Status Report

Panoramic optical and near-infrared SETI instrument: overall specifications and science program

By SpaceRef Editor
August 22, 2018
Filed under , ,

Shelley A. Wright (a, b), Paul Horowitz (c), Jérôme Maire (a), Dan Werthimer (d, e), Franklin Antonio (f), Michael Aronson (g), Sam Chaim-Weismann (d), Maren Cosens (a, b), Frank D. Drake (h), Andrew W. Howard (i), Geoffrey W. Marcy (d), Rick Raffanti (j), Andrew P. V. Siemion (d, h, k, l), Remington P. S. Stone (m), Richard R. Treffers (n), Avinash Uttamchandani (o) ((a) Center for Astrophysics & Space Sciences, University of California San Diego, USA, (b) Department of Physics, University of California San Diego, USA, (c) Department of Physics, Harvard University, USA, (d) Department of Astronomy, University of California Berkeley, CA, USA, (e) Space Sciences Laboratory, University of California Berkeley, CA, USA, (f) Qualcomm Research Center, San Diego, CA, USA, (g) Electronic Packaging Man, Encinitas, CA, USA, (h) SETI Institute, Mountain View, US, (i) Astronomy Department, California Institute of Technology, USA, (j) Techne Instruments, Berkeley, CA, USA, (k) Radboud University, NijmegenS, Netherlands, (l) Institute of Space Sciences and Astronomy, University of Malta, (m) University of California Observatories, Lick Observatory, USA, (n) Starman Systems, Alamo, USA, (o) Nonholonomy, LLC, Cambridge, USA)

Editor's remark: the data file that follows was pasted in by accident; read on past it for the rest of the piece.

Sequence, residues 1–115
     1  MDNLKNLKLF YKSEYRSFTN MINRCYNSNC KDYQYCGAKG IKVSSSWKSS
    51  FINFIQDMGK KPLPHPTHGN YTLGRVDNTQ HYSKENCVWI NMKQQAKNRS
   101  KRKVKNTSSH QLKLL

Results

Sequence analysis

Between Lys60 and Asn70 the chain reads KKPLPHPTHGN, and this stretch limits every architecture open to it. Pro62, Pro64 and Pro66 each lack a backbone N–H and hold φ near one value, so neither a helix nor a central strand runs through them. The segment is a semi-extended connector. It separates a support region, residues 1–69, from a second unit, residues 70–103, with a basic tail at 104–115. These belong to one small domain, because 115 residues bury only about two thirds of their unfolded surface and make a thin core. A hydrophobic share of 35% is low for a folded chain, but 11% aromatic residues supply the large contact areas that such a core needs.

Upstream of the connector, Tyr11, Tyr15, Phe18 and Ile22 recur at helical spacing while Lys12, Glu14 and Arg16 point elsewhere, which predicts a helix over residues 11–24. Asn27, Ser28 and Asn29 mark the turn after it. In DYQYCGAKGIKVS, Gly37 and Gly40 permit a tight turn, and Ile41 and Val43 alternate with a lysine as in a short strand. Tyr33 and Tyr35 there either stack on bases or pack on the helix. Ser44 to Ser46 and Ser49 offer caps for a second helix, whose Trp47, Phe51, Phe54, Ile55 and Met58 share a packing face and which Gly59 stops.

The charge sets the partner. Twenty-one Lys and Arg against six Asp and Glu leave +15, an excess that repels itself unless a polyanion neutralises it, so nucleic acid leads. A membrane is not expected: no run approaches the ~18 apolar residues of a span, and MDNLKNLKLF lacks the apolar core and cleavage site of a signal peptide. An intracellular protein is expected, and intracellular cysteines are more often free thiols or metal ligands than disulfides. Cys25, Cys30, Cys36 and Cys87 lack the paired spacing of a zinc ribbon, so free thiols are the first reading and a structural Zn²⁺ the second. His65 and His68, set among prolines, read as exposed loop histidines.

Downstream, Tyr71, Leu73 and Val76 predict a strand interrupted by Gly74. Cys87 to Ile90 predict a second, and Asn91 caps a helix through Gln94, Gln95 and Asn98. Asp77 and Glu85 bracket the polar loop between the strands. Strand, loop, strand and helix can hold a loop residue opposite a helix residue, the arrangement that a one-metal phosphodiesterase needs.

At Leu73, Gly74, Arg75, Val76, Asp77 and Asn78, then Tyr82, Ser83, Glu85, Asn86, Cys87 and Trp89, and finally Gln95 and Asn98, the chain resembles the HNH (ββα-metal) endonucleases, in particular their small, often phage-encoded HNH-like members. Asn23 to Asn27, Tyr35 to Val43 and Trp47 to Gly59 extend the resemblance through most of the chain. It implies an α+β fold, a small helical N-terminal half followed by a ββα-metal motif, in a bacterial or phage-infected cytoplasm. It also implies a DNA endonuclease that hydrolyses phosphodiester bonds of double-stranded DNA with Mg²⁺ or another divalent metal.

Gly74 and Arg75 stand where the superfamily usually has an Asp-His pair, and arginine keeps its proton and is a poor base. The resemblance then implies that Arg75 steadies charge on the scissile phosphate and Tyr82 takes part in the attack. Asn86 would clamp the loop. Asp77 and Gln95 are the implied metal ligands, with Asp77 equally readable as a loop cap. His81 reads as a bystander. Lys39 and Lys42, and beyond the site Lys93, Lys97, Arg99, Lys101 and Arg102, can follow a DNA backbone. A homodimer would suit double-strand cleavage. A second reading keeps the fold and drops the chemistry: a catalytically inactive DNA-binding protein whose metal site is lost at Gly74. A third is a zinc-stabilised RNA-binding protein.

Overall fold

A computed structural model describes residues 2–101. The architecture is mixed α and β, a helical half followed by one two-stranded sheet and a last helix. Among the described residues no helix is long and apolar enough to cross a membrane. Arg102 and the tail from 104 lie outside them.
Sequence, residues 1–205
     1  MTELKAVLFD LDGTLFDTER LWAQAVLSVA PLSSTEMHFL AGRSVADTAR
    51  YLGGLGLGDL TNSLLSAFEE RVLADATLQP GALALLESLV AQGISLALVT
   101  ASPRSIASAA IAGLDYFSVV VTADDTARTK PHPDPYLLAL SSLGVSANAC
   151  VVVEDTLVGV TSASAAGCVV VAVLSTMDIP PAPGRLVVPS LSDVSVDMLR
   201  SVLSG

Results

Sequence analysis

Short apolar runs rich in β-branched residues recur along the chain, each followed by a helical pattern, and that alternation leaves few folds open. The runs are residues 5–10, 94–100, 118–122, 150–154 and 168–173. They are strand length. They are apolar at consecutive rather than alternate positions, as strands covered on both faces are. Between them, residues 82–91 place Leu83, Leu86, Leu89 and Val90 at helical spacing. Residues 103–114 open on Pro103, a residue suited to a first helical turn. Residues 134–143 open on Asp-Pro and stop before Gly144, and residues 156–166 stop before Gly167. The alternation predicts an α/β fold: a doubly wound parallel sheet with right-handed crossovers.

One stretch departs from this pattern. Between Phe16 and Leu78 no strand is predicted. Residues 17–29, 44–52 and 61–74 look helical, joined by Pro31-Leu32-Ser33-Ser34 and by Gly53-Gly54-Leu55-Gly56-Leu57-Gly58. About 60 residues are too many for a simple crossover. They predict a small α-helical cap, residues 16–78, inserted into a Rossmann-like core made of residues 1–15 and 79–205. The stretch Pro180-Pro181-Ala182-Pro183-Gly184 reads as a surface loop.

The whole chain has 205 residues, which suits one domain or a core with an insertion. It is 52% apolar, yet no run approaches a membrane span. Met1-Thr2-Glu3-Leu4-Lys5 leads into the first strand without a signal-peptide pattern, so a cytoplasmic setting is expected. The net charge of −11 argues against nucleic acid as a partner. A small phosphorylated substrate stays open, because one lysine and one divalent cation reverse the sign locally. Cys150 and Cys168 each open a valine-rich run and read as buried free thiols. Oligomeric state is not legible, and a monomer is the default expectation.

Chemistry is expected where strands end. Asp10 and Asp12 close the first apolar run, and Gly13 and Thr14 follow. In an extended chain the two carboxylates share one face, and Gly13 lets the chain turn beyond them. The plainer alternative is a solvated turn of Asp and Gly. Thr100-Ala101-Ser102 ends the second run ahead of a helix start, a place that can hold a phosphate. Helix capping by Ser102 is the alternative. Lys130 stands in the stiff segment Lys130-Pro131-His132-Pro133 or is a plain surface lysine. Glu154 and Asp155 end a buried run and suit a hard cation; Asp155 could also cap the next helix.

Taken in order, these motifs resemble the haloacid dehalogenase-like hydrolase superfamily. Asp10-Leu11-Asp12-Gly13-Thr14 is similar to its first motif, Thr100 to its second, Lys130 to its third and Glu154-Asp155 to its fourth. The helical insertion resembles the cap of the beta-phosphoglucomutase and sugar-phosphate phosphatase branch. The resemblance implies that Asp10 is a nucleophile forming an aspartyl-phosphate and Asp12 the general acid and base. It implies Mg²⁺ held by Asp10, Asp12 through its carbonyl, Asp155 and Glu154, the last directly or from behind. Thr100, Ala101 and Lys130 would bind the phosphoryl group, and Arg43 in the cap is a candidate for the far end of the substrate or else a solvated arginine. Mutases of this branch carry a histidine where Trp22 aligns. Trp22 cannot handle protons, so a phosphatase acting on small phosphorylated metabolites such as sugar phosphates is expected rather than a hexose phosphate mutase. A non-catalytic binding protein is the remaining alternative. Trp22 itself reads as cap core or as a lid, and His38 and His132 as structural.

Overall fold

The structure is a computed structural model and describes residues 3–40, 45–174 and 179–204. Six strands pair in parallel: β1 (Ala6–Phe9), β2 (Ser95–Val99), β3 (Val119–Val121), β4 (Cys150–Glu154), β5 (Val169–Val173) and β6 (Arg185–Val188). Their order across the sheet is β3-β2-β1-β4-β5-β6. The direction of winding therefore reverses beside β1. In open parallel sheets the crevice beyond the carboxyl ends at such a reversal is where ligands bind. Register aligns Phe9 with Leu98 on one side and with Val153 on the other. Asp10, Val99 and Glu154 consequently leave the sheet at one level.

(Submitted on 17 Aug 2018)

We present overall specifications and science goals for a new optical and near-infrared (350 – 1650 nm) instrument designed to greatly enlarge the current Search for Extraterrestrial Intelligence (SETI) phase space. The Pulsed All-sky Near-infrared Optical SETI (PANOSETI) observatory will be a dedicated SETI facility that aims to increase sky area searched, wavelengths covered, number of stellar systems observed, and duration of time monitored. This observatory will offer an “all-observable-sky” optical and wide-field near-infrared pulsed technosignature and astrophysical transient search that is capable of surveying the entire northern hemisphere. The final implemented experiment will search for transient pulsed signals occurring between nanosecond to second time scales. The optical component will cover a solid angle 2.5 million times larger than current SETI targeted searches, while also increasing dwell time per source by a factor of 10,000. The PANOSETI instrument will be the first near-infrared wide-field SETI program ever conducted. The rapid technological advance of fast-response optical and near-infrared detector arrays (i.e., Multi-Pixel Photon Counting; MPPC) make this program now feasible. The PANOSETI instrument design uses innovative domes that house 100 Fresnel lenses, which will search concurrently over 8,000 square degrees for transient signals (see Maire et al. and Cosens et al., this conference). In this paper, we describe the overall instrumental specifications and science objectives for PANOSETI.

Comments:    15 pages, 7 figures, 1 table
Subjects:    Instrumentation and Methods for Astrophysics (astro-ph.IM)
Journal reference:    Proc. SPIE 10702, Ground-based and Airborne Instrumentation for Astronomy VII (2018)
DOI:    10.1117/12.2314268
Cite as:    arXiv:1808.05772 [astro-ph.IM] (or arXiv:1808.05772v1 [astro-ph.IM] for this version)
Submission history
From: Maren Cosens
[v1] Fri, 17 Aug 2018 06:49:35 GMT (2779kb,D)

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